Idaho Supreme Court Hears Arguments Over Case from Sandpoint with Bring Firearms to Festival
Herndon v. City of Sandpoint
SCOTT HERNDON, JEFF AVERY, IDAHO SECOND AMENDMENT ALLIANCE, INC., and SECOND AMENDMENT FOUNDATION
Docket No. 48975
CITY OF SANDPOINT, FESTIVAL AT SANDPOINT, INC., DOES 1 TO 100
This appeal stems from a 2019 lease by the City of Sandpoint (“the City”) to The Festival of Sandpoint (“The Festival”), a non-profit corporation, to operate a multi-day music festival in War Memorial Field Park (“War Memorial Field”). The Festival’s policy banned attendees from bringing firearms into the event. On August 9, 2019, Scott Herndon and Jeff Avery arrived at War Memorial Field Park to attend the music festival, but both were denied entry when they tried to enter with firearms. A City police officer on standby outside the music festival told Herndon and Avery they would be trespassed if they tried to enter with their firearms. A City attorney attending the music festival in a civilian capacity also discussed the music festival policy with Herndon and Avery. Herndon and Avery ultimately left the event and received a refund for their tickets.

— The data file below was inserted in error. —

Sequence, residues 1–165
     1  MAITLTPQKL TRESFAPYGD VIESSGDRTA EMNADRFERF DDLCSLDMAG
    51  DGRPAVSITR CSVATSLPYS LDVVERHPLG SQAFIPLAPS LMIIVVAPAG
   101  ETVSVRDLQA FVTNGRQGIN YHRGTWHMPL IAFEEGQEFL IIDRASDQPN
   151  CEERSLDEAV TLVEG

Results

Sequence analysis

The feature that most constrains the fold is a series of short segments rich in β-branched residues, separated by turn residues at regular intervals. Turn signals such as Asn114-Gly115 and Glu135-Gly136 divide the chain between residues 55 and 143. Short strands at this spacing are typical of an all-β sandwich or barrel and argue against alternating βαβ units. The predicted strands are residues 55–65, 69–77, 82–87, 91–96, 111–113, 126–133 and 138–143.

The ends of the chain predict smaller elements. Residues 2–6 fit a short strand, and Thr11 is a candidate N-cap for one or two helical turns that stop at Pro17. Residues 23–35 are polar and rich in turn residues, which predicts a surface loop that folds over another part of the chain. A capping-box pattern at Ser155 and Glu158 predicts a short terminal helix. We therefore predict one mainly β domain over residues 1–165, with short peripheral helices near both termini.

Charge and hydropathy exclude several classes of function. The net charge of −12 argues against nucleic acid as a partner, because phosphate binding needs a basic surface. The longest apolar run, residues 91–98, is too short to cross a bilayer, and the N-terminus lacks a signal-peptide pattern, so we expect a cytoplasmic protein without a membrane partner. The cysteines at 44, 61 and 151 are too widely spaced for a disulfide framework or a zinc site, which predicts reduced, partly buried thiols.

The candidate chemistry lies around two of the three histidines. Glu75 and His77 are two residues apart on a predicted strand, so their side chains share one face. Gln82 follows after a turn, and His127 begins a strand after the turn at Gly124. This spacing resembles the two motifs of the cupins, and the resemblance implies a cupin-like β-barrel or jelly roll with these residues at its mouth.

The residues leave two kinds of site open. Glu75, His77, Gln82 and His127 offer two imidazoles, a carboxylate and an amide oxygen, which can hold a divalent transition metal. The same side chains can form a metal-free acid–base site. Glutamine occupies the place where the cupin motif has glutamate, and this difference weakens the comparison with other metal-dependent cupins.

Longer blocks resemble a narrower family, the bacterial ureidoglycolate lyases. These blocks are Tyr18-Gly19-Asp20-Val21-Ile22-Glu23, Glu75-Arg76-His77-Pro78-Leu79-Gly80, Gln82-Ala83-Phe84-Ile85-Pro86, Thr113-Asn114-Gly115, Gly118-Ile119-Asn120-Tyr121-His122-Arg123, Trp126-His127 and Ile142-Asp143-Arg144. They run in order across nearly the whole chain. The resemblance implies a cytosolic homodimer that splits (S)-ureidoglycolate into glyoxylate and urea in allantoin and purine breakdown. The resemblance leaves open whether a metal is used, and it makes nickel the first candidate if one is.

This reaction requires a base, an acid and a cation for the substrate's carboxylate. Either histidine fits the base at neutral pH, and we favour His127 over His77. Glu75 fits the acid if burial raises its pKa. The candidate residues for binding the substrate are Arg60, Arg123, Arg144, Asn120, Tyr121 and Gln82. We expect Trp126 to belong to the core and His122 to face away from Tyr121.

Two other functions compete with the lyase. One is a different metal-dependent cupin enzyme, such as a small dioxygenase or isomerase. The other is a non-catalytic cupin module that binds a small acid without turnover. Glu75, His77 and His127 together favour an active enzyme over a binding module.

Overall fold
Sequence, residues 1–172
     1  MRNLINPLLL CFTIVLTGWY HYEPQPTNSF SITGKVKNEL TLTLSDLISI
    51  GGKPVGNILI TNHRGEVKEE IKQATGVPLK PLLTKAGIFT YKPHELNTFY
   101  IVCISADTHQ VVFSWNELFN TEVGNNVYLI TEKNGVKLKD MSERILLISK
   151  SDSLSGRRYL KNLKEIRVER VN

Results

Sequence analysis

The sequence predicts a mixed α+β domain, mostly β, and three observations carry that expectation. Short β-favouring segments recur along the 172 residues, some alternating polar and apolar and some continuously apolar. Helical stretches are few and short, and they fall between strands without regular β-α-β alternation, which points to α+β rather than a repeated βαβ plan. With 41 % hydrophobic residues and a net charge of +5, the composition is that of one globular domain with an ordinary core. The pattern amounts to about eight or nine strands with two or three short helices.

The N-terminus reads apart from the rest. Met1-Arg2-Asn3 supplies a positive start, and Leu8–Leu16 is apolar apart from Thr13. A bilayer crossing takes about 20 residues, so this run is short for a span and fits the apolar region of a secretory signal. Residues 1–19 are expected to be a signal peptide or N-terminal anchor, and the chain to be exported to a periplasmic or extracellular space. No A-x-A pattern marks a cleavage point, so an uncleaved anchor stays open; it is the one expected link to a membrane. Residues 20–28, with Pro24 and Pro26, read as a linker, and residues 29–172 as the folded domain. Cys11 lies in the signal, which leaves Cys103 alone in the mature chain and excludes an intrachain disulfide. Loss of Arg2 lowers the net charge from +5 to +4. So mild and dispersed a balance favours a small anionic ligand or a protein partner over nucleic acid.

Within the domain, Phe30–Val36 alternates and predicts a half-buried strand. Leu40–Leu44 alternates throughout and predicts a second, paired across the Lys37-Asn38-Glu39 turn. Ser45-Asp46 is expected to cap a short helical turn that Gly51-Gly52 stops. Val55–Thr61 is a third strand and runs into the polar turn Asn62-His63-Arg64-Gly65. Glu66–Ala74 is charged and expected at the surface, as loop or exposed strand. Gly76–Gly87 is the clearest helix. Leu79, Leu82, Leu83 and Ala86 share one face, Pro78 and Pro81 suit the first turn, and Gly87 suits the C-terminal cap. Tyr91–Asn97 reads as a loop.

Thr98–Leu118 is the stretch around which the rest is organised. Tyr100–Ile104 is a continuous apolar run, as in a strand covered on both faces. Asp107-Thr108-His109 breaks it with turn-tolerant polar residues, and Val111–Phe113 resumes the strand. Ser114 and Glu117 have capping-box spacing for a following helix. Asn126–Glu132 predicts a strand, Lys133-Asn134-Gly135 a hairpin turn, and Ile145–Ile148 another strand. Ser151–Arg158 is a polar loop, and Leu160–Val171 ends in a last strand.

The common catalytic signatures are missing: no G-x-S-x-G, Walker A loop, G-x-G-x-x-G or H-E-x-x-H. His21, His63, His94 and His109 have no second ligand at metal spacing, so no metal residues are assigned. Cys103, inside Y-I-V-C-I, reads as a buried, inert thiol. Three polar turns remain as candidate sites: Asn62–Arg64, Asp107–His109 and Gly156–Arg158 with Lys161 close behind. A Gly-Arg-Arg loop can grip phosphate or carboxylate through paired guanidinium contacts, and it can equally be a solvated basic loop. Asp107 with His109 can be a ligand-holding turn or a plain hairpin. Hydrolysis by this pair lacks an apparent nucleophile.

Herndon, Avery, the Idaho Second Amendment Alliance, Inc., and the Second Amendment Foundation, Inc. (“the Plaintiffs”) filed a complaint against the City and The Festival for: (1) declaratory relief; (2) injunctive relief; (3) conspiracy to deprive Plaintiffs of their rights to bear arms under 42 U.S.C. section 1985; (4) violation of the Plaintiffs’ Second Amendment rights under 42 U.S.C. section 1983; (5) violation of the Plaintiffs’ Fourth Amendment rights under U.S.C. section 1983; and (6) violation of the Plaintiffs’ Fourteenth Amendment rights under 42 U.S.C. section 1983. After abandoning the Fourth Amendment claim, all parties moved for summary judgment. The district court granted the City and The Festival’s motions for summary judgment and dismissed the Plaintiffs’ claims with prejudice. On appeal, the Plaintiffs argue they were entitled to a declaratory judgment and summary judgment on the civil rights claims, and the district court erred in applying judicial estoppel. The Plaintiffs also argue the district court erred in denying their motion for an extension of time to object to attorney fees.
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